To be different, I ordered the “côtes de porcelet au caramel d'oranges, légumes glacés à la coriandre” (side of of young pork with caramel oranges, glazed vegetables with coriander).  I have to say, this is one of the best pork dishes I have ever had. It was perfectly roasted. How they got the skin so bubbly crispy is beyond me. It’s as if they took the skin off, deep fried until crispy tender, and reattached it.  The orange sauce was a great accompaniment. And, with the carrots were little nice surprises of roasted whole garlic that I spread on bread and it was delicious. Everything about this dish was perfect.

We saw a cheese plate cart roaming around, and I felt compelled to order some (the devil made me).  There were so many choices that everyone suggested that I just ask for the cheese from the region.  Their regional specialty is “chèvre”. I’m actually not that fond of chèvre but got a few and also some I like such as comté.  All-in-all it was a great selection of cheeses.

Onto our desserts:  Not on the menu, some of us got the  “brioche poêle with strawberries and frommage blanc”, the people who got this dish said it was delicious, there was a crunchiness, a little sweet and a little sour from the strawberries, and surprisingly light.

One person got the “biscuit anisette, mousse de mangue, infusion de litchis” (biscuit hazelnut mousse, mango, lychee infusion).  Our friend who had this dish said he really enjoyed it.  The fruit combination with the mouse was just a great ending to a fabulous meal.

I got the “petites crêpes, beurre de pralin, sorbet chocolat” (pancakes, praline butter, chocolate sorbet).  I’m not a big fan of crêpes, because all too often they are too sweet and one dimensional.  Well this made me a believer. This has got to be one of the best dessert crêpes I have ever had. It was nice and smooth, not too sweet, and not too creamy, and the crunchiness of the pralines gave it a whole new dimension. Plus the garnish of julienne mint made it quite refreshing. I definitely want some more of this.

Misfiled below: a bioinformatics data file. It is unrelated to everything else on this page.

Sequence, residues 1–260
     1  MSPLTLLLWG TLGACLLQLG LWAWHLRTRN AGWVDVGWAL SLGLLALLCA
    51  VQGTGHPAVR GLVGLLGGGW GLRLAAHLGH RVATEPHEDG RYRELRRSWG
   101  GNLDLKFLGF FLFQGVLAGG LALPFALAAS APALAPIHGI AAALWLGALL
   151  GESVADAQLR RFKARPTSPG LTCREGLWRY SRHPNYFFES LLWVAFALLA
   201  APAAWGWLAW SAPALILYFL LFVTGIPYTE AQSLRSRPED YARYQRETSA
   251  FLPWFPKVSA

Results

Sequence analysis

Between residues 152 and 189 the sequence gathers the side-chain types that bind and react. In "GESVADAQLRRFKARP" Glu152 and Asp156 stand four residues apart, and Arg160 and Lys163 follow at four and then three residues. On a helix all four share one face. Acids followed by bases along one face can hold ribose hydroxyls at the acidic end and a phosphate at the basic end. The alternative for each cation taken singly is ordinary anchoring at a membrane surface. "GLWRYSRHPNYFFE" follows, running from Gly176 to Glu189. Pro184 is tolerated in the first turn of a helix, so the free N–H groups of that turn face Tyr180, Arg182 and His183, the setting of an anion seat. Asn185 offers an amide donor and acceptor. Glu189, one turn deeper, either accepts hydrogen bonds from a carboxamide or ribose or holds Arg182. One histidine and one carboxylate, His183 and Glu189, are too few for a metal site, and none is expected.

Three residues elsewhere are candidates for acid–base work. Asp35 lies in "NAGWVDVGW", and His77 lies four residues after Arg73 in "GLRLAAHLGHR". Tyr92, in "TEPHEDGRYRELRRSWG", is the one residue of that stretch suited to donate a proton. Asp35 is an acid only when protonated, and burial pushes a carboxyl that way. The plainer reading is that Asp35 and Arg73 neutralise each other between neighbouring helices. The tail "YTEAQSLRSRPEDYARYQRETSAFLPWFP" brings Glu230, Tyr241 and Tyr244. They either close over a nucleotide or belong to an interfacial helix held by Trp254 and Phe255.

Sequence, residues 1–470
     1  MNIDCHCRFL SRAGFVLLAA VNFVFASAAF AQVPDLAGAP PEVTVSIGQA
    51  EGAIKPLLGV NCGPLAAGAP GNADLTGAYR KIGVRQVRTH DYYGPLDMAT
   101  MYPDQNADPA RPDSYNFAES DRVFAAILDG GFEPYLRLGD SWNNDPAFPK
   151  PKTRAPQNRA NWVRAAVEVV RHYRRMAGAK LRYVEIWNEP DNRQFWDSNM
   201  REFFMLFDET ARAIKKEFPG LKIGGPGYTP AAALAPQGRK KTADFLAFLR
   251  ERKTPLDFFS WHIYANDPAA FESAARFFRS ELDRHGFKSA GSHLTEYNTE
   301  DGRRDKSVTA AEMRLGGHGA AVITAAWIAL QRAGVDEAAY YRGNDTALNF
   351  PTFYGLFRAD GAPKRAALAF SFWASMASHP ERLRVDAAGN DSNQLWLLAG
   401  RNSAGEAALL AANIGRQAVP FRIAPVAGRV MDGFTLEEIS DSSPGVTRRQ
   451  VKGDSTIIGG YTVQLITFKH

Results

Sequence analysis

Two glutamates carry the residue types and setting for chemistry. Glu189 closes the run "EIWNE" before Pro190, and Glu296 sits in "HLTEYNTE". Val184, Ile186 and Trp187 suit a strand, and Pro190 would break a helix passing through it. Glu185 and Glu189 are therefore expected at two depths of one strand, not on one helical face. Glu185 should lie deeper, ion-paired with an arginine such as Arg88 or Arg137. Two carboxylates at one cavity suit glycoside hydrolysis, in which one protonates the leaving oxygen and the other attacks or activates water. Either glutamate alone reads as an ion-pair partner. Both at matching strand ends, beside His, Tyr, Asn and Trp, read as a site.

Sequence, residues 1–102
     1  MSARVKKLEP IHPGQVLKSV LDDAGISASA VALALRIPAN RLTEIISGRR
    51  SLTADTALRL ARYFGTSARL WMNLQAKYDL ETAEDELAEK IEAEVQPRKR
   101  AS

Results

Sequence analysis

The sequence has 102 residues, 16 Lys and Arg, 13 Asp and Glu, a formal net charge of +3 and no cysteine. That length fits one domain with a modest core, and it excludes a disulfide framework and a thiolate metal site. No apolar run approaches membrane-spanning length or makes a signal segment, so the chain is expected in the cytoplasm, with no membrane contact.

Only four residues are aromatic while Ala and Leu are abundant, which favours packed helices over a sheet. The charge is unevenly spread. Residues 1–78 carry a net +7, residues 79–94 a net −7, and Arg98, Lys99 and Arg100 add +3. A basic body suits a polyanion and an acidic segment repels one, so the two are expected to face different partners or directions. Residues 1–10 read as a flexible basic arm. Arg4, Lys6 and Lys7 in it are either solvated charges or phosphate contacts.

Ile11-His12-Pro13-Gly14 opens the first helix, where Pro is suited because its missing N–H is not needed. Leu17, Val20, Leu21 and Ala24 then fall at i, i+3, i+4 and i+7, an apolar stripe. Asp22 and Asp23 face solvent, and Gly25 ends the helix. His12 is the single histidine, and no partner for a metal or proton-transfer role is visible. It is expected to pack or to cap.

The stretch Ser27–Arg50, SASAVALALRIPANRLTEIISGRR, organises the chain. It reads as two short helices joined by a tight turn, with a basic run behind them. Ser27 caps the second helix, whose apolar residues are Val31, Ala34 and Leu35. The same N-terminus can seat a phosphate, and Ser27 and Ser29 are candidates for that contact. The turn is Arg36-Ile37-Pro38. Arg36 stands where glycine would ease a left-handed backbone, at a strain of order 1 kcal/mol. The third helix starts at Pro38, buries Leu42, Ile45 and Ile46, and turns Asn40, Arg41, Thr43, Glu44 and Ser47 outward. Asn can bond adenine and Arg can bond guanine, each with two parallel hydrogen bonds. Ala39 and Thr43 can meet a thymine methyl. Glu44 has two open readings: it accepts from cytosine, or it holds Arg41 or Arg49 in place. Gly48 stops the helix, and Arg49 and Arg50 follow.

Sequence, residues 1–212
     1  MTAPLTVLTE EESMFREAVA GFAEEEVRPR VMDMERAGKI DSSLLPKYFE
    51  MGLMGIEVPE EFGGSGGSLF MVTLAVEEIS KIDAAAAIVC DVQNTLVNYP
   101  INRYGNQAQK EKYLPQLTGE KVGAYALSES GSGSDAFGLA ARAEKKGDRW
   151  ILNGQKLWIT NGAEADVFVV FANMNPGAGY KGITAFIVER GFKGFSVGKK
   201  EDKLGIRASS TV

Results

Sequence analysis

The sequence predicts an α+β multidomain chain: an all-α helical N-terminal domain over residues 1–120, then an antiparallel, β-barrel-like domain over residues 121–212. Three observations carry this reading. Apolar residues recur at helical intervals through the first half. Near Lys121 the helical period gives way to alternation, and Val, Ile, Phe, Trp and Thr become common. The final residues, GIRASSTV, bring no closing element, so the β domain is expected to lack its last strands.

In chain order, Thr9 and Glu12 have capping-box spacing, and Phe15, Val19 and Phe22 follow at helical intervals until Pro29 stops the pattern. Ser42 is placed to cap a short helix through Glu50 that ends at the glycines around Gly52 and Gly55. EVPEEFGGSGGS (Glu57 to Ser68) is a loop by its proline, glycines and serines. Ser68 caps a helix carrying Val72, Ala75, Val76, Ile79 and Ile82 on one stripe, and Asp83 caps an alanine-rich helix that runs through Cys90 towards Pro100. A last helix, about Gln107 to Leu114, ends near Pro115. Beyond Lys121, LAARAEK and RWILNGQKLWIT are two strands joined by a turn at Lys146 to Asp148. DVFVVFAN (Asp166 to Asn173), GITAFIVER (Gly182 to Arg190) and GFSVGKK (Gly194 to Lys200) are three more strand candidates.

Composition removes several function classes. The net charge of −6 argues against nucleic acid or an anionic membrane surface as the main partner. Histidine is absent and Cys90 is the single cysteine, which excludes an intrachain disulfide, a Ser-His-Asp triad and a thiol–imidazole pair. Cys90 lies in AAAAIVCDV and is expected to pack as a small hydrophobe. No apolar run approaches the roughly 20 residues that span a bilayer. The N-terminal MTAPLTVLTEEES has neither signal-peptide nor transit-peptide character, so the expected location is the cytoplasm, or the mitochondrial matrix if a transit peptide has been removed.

And, then when we thought all was said and done, our wait person came out with café gourmandise. Typically, this is served as a dessert choice, a sort of “tasting plate” of various sweets with coffee. I had no idea it was going to be a complimentary ending to our already fabulous desserts.  Had I known, I probably wouldn’t have ordered dessert, or maybe not!  It was a combo of a blueberry sweet biscuit, a jellied sugar candy, a light crème brulée with a hint of nutmeg, and a fruit sorbet.

After all this food you would’ve thought that we couldn’t move, but surprisingly because the food was not overly filled with butters and creams, and the portions were just right, we all commented that we were full, but didn’t feel full, if that makes any sense.

Summary: We often joke if you want really good food without spending an arm and a leg, get out of Paris.  And, this restaurant is one fabulous reason to venture out of Paris. The ambiance, the service, the beautiful Limoges porcelain, the food, everything was just about perfect. I would go back in a heart beat. Thank God, it’s too far for me to get there every day, otherwise I would camp out in their lawn and eat all day every day.  The food is excellent, the Chef de Cuisine is Thierry Jimenez, a protégé of Alain Ducasse. We had an opportunity to meet him. He’s very unassuming and so friendly and amicable.  I would’ve kissed his ring, if he had one.  So, if you are in Tours or that area, this restaurant is NOT to be missed. Go hungry.  

Chef de cuisine extraordinaire, Thierry Jimenez
 For 5 of us with 1-bottle of wine and three glasses of wine and 4-coffees the bill came to 250€ or 50€ each

Note: Auberge du XIIe siècle is also an INN.


  1. I've just spent the past two days pouring over your blog! Its exactly what I was hoping to find in planning our little getaway to France in April. Do you know if this area is easily accessible by Train? We are planning leaving Paris on a Monday to go to Beynac, but after seeing this I want to stop for lunch! (If its even open on a Monday). Thanks for your writings and sharing!


    1. I'm glad it was helpful. It's a small town so no trains; however, Tours is not far and there are trains from Paris to Tours!

    2. We are renting a car, so hopefully we will make it down to try the restaurant! We leave in 2 weeks to France. Thanks for writing, it has been a great help in our planning.